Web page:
To innovate, businesses must tap into people’s individual strengths. But there also needs to be space for experimentation, discussion and the cross-fertilization of ideas. The next break-through is usually the ongoing input of different people, from diverse teams and backgrounds, that helps turn an idea into an innovation.
When European employees were asked about workplace innovation, Microsoft looked specifically at how creative and collaborative they felt. Employees were asked about these two performance indicators specifically, as it is a company’s creative and collaborative employees who are best able to tackle key business challenges, identify new market opportunities and impact business outcomes.
Technology, then, works best when it marries seamlessly with a company’s unique culture. One such example is Stanley & Stella, a Belgium-based B2B apparel brand prioritizing sustainable fashion. Technology underpins every aspect of their operations, from helping teams in 100 countries collaborate seamlessly, communicate more effectively with both retailers and consumers to tracking each step in their supply chain.
Cultivate your talent
The survey also shows that employees feel highly empowered when working in a strong digital culture. This means being able to do their best work, having their voices heard, and feeling like they are able to make a real difference.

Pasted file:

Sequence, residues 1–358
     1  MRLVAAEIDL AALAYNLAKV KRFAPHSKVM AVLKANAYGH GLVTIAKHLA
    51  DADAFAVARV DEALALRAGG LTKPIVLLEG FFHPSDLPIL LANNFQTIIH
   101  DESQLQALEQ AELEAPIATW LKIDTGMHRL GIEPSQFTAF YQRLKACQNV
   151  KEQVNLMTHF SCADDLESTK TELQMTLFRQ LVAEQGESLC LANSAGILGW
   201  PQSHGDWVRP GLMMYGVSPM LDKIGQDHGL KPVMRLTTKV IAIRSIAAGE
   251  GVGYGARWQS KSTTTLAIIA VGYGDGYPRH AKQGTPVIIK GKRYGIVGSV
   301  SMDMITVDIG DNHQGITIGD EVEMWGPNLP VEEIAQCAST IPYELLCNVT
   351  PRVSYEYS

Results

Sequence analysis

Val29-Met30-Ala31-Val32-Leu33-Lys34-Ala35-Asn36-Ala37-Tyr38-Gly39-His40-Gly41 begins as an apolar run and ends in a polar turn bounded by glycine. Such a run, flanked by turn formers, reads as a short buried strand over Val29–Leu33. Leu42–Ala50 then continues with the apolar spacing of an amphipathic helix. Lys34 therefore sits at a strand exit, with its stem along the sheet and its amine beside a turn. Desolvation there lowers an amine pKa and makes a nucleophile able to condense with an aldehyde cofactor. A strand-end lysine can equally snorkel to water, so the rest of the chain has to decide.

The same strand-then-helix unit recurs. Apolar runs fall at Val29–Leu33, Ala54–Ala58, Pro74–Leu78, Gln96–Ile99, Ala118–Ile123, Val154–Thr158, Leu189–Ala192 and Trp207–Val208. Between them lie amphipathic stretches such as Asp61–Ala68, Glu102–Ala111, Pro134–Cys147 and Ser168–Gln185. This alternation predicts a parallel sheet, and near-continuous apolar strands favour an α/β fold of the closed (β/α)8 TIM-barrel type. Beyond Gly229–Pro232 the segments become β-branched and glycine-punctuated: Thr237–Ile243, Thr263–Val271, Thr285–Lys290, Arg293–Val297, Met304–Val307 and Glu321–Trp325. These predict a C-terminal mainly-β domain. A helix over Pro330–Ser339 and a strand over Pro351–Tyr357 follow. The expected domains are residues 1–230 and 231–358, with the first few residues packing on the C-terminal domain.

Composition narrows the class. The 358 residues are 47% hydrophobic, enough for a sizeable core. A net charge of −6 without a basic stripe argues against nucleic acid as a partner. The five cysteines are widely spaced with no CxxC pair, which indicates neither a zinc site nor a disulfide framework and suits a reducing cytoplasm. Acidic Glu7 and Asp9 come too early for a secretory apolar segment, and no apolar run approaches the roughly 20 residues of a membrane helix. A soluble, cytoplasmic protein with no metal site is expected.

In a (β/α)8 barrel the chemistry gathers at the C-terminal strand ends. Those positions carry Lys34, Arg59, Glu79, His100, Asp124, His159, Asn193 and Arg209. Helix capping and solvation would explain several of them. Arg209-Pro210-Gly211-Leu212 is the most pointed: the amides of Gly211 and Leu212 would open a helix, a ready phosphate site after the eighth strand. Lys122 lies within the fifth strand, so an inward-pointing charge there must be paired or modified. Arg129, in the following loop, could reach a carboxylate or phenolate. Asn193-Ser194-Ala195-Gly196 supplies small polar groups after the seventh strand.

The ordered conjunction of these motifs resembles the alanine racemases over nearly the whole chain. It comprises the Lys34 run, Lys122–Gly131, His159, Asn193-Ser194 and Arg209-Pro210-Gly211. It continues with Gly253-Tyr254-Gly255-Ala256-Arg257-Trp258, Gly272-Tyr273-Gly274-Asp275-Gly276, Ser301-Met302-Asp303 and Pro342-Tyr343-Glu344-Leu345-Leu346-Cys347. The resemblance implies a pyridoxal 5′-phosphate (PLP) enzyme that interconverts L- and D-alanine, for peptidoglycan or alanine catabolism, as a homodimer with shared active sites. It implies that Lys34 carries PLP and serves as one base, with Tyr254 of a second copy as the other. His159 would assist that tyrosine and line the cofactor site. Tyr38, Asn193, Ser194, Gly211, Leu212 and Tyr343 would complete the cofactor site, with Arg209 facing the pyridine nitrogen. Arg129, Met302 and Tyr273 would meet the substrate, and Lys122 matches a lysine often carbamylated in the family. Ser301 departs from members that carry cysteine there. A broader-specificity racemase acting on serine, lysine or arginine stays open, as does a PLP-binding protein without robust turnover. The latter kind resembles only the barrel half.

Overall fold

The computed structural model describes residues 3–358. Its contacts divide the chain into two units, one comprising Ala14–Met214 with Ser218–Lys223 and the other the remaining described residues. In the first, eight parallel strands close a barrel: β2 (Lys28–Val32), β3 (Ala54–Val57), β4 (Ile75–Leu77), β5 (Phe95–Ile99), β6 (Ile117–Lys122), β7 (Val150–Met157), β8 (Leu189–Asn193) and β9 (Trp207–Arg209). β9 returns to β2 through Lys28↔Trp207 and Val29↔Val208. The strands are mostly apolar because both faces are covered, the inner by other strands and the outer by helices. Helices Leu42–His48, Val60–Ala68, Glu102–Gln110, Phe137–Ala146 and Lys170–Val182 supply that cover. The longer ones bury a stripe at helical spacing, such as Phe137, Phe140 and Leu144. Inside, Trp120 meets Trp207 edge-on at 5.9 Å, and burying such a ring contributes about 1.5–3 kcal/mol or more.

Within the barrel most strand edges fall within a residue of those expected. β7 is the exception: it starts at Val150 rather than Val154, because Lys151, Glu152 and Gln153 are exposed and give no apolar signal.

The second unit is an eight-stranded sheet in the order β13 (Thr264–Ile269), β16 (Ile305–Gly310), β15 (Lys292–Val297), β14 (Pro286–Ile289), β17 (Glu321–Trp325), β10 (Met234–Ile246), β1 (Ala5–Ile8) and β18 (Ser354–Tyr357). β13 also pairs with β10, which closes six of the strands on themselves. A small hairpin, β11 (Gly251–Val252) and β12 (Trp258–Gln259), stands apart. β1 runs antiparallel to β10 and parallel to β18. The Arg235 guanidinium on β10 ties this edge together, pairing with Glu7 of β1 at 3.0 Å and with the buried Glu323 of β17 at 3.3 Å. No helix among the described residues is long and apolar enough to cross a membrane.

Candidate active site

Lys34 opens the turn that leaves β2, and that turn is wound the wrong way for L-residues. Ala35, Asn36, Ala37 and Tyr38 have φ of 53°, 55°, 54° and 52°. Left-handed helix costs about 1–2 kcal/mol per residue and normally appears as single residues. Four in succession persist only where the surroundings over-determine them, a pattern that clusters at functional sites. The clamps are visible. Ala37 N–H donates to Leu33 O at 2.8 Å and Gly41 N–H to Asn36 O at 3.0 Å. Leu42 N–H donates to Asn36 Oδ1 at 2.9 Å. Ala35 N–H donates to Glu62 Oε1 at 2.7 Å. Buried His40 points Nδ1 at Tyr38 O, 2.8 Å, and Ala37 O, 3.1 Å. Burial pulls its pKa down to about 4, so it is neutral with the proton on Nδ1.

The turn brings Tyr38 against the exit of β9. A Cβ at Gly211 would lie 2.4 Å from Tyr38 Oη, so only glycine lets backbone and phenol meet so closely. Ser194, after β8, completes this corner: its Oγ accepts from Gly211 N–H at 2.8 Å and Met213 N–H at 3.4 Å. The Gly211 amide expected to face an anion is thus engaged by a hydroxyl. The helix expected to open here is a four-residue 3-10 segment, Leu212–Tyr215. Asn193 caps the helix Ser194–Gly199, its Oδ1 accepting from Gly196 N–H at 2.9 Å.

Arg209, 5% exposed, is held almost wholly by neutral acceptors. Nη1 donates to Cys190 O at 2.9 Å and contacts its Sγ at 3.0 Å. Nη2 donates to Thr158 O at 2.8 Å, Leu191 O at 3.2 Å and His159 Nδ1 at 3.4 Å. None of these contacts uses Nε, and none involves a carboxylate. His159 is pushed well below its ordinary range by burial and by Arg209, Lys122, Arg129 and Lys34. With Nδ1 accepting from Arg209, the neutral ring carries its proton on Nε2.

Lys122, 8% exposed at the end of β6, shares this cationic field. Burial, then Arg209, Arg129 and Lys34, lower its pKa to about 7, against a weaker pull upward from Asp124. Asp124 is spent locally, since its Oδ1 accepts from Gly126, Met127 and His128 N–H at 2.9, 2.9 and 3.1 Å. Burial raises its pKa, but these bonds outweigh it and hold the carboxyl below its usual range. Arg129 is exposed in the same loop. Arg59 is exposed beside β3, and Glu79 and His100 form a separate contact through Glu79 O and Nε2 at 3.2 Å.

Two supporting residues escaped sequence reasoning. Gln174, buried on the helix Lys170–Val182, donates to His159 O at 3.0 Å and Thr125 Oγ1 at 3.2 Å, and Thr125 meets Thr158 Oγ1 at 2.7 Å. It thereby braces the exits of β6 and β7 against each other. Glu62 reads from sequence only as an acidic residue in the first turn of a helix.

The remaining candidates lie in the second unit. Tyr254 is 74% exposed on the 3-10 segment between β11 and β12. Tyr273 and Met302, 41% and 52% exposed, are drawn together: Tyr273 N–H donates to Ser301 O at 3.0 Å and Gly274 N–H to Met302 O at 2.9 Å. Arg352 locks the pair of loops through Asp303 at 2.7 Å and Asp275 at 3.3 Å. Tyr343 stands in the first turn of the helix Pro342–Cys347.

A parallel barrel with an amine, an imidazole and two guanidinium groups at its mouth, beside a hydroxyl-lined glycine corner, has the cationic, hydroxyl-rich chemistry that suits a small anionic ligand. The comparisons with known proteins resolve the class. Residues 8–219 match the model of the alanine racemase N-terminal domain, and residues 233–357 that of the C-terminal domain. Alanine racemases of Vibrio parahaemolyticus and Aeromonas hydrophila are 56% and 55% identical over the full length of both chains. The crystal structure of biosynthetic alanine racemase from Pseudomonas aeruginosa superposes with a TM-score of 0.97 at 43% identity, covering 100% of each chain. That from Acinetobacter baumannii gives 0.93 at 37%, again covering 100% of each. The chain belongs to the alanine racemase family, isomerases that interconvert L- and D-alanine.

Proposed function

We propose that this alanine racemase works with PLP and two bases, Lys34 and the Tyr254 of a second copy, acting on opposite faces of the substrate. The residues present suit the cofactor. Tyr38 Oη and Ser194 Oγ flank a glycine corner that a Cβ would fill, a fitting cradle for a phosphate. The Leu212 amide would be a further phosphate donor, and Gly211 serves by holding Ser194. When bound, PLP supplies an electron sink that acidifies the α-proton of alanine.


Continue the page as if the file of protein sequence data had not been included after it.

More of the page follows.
For the first time in history, today’s workplaces have as many as five different generations working alongside each other, and each generation brings unique values, perspectives and communication styles to the table.
Increasingly, people want to feel they are personally making an impact, and job titles and pay checks are no longer enough to attract and retain the brightest and the best. Technology can help unlock the full collective potential of employees and unify a company’s talents in such a way that individuals feel empowered and teams can work effectively together.
DEME Group – an international leader in environmental science and engineering – is an example of a company using technology to attract and retain top talent.
Equipping employees with Surface tablets, for example, has united the company, giving everyone the power and the portability they need to get the job done. “We have people who are working all over the world,” Johan continues, “So it’s important people have the right information, at the right moment in the right place.”
Change starts from the top
These ideal cultural changes which promote a healthy working environment and the use of technology, must come from the top down.
When implemented successfully, new technology in a healthy working environment pays enormous dividends, with employees feeling more vested and included in a company’s overall strategic direction.
The ability to solve problems in new ways, to spot emerging opportunities, and break down barriers while increasing collaboration will not only benefit every employee, but also improve a company as a whole.
These opportunities are there for the taking – from smaller and medium-sized business, to large corporations. Don’t just think of transformation as an IT exercise. Think about it as a people journey.